Though such financial matters were rarely discussed with the lower echelons of the development team, Bateman insists there was "a degree of openness" from the management. He says that from top to bottom, the culture was one of inclusion.
Every Friday the entire staff, including Dave Jones and executive producer Joshua Howard, would gather in the cafeteria for a company-wide meeting. The word cafeteria may suggest an austere room with plastic chairs lined up against fold-up Formica tables, but that wasn't Realtime Worlds style. Their cafeteria was resplendent with concept art-festooned banners, comfy sofas, plasma screens, consoles and a full Beatles Rock Band set-up.
In those weekly meetings, everybody was encouraged to speak up and air their concerns or thoughts. Bateman makes constant references to the company "family," a close-knit group of people with a real love of both the game and the studio. The sense was that everyone was in it together.
Bateman flourished in this environment. Just four months into his contract he was promoted to the role of community officer and tasked with engaging APB's burgeoning fanbase, beginning with the participants of the game's first closed beta.
It was at this stage the first rumblings of discontent began. The beta testers pointed to a number of issues. Poor car handling, unresponsive weapons, a lack of headshots - all were identified and lamented alongside persistent lag. But the mood at Realtime Worlds remained optimistic and Bateman assured the community that the problems would be addressed. It was a beta, after all; there was time to iterate and improve.
However many of the problems identified in the early betas survived until APB's eventual release, and despite the continual release of patches. As a QA tester Bateman had brought the issues to the attention of his superiors. As community officer he had relayed them directly from the beta testers. So wasn't he frustrated at being ignored?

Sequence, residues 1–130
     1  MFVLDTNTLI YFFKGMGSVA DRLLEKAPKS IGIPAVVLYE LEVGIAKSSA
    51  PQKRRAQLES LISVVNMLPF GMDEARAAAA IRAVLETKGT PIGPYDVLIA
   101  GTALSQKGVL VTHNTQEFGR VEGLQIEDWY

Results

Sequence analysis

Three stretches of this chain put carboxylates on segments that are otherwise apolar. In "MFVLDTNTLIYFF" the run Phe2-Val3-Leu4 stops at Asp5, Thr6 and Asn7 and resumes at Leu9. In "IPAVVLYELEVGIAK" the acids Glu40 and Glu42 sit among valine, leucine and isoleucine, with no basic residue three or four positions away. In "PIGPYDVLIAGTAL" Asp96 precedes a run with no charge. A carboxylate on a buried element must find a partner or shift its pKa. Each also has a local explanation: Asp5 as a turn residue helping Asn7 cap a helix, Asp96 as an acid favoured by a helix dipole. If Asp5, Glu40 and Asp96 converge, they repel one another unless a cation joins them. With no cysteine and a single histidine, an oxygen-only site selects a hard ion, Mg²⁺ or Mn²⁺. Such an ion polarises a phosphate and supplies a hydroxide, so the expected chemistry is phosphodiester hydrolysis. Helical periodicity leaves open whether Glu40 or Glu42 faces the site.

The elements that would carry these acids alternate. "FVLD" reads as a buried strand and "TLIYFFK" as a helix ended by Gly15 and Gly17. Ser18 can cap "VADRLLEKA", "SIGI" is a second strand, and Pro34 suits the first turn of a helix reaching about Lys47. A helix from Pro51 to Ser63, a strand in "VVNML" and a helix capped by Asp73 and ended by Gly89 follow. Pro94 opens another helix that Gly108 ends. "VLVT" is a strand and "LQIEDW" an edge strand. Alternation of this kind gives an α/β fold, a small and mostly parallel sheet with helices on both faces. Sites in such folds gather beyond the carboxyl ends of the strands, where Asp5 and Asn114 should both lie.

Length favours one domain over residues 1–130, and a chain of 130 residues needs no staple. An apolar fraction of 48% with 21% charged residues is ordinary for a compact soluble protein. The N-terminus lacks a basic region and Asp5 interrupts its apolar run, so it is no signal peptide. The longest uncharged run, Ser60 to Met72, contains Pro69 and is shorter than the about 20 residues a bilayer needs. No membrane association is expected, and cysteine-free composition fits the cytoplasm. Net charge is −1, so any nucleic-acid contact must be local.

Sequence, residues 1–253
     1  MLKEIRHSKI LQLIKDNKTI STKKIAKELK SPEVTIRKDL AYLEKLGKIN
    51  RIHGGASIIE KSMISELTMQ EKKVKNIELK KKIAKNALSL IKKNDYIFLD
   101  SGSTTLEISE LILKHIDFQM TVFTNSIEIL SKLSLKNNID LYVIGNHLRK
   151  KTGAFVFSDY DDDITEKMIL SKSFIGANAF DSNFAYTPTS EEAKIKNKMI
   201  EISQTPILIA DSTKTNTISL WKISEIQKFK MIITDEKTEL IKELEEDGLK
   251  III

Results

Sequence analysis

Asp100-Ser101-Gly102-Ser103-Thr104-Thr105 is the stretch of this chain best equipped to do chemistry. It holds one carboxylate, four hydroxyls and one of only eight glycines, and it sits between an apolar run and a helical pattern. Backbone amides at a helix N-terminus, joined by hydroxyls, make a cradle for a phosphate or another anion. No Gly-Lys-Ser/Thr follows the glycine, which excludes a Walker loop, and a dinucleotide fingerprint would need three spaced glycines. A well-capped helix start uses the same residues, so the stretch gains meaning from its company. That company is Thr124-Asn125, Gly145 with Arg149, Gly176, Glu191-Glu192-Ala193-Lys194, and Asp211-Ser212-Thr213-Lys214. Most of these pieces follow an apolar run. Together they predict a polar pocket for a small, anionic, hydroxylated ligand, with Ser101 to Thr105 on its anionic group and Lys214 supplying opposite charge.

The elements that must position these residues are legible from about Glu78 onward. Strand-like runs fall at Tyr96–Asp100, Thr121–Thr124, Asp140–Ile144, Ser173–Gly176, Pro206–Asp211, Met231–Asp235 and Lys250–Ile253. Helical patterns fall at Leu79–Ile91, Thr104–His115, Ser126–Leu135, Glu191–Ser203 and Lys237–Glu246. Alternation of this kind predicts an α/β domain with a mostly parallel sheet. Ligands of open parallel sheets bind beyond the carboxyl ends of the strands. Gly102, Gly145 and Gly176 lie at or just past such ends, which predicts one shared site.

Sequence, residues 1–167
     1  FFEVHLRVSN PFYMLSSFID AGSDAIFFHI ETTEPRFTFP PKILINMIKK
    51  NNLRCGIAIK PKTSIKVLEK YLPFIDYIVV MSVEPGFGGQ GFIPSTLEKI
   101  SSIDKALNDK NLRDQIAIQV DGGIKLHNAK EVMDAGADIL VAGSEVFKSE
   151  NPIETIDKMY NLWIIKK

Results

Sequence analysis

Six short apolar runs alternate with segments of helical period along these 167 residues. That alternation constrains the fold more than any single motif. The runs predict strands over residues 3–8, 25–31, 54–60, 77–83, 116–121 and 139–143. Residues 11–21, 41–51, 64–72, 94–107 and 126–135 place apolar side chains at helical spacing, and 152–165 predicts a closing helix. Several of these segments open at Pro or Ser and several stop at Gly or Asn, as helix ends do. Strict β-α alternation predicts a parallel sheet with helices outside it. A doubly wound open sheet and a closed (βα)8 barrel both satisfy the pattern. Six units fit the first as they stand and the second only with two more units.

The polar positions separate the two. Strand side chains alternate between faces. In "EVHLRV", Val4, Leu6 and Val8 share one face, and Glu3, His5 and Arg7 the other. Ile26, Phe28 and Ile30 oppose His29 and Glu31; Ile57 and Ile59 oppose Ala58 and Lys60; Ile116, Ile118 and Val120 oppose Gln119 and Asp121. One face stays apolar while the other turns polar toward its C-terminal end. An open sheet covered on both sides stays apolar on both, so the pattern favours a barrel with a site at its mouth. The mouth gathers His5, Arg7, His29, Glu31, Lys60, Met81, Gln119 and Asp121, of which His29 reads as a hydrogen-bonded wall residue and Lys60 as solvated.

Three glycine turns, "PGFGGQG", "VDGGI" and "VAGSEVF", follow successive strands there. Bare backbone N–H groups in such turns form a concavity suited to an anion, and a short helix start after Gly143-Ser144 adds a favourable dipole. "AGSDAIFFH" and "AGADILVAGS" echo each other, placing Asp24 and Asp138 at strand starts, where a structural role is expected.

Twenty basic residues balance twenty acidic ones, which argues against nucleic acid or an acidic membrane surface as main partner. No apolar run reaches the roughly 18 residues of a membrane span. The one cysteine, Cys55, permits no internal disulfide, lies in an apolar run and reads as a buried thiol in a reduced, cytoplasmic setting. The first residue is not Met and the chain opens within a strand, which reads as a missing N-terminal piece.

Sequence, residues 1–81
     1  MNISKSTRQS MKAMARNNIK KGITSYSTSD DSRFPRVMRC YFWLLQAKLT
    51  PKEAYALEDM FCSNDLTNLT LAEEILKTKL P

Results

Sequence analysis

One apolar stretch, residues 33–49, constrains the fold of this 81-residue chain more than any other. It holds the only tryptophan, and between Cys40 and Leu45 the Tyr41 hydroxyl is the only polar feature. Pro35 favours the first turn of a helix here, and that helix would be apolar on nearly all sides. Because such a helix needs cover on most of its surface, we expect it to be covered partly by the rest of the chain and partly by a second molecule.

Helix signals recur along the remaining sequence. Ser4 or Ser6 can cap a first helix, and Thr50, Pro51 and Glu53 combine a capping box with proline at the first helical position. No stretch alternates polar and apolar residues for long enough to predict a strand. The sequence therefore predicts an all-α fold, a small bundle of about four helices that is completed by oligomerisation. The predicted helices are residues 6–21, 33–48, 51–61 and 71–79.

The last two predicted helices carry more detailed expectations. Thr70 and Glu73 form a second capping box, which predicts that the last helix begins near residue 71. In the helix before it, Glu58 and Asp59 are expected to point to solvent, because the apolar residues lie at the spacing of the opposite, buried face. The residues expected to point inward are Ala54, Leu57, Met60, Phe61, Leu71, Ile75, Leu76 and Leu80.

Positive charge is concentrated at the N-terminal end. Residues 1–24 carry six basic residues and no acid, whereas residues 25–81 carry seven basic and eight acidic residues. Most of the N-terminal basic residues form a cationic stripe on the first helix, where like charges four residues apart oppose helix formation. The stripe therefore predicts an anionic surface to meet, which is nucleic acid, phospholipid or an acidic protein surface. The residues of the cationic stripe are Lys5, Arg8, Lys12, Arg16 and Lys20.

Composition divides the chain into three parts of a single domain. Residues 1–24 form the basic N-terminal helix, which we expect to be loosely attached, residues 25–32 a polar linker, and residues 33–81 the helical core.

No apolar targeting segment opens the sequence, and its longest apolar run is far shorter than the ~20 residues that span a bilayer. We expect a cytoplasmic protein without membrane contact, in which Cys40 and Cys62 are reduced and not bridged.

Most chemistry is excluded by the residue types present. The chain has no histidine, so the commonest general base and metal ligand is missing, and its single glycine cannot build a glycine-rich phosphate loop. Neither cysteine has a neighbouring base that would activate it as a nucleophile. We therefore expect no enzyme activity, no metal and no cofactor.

"Not at all. At the end of the day, the feedback was there, it was recognised," says Bateman. "But whether it was due to management, time, money, whatever it was, they just didn't get implemented.
"People forget how ambitious and difficult an MMO is. You have to remember that Realtime Worlds went from being a medium-sized company that made Crackdown to trying to make an MMO, which entails becoming an online publisher, having customer support, supporting several different languages - people forget the scale of it.
"So where people have said we should have been fixing this problem about the game, maybe there was more time being spent on things like the online shop, or improving our customer support. There's so much involved."
Neglecting some of the game's core problems resulted in a mauling at the hands of reviewers. While the technology behind the game was roundly praised, the gameplay itself fell flat. Eurogamer's review identified APB as "a game about shooting and driving" in which the shooting was "weak" and the driving "a reasonable facsimile of attempting to sail a bathtub down a canal". It scored 6 out of 10.
The review was representative of the general consensus. APB received a Metacritic rating of 58 - damaging for a modest console title, but deadly for an online game in need of constant, costly support. Critically, APB was a flop.
At the company-wide meeting the following Friday, Realtime Worlds' management did their best to remain upbeat. "I don't want to say they spun it but... Obviously it's about keeping your team enthusiastic and focusing on the future," says Bateman.